The suit comes less than a week after CHOICE participated in a public
demonstration in Canberra asking the government to legislate protections
against consumer leases and payday loans.
The nationwide class action was filed in Sydney's Federal Court against
Thorn Australia Pty Ltd, the company trading as Radio Rentals, and
potentially affects 200,000 consumers.
The court case alleges Radio Rentals' 'Rent, Try, $1 Buy' offer is
misleading, using the case of lead plaintiff Casey Simpson as an example.
"Here we have a national company that deals with vulnerable people
promising them one thing but signing them up to another, at a much higher
price than is reasonable," says Ben Slade, principal at Maurice
Blackburn Lawyers, the firm bringing the action.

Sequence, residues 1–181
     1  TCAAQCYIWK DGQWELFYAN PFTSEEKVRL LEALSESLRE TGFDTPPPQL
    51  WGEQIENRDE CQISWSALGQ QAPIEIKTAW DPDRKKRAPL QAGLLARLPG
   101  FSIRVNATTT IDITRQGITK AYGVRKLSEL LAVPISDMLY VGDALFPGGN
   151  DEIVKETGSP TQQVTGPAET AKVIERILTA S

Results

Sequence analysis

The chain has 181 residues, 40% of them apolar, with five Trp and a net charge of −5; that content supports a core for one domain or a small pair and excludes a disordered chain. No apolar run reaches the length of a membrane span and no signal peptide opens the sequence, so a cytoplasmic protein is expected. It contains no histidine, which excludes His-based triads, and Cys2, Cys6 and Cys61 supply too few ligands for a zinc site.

"What we have found is that people are paying up to seven times the true
retail costs for goods in the belief that the goods will always be theirs,
yet the contracts do not give them that right."
Casey Simpson, a mother of five from Wagga Wagga, claims Radio Rentals
deducted more than $3300 from her Centrelink account for a used mattress
and bed valued at significantly less – approximately $430.
"I thought [Radio Rentals'] Rent, Try, $1 Buy would be a sensible
alternative to get some basic goods in a way we could afford.
"I never knew I'd have to pay as much as they kept charging me, or that I
wouldn't have a right to buy the goods for $1. I feel unfairly treated and
taken advantage of."
Earlier this week CHOICE participated in a demonstration with six other
consumer advocacy groups asking the federal government to legislate
protections against all small amount credit contracts, which include consumer leases and payday loans.
The proposed reforms – which were supported by the federal government more than 120
days ago – include limiting lease repayments, prohibiting monthly fees for
early repayments and banning unsolicited payday loan offers to current or
Radio Rentals did not reply to a request for comment at the time of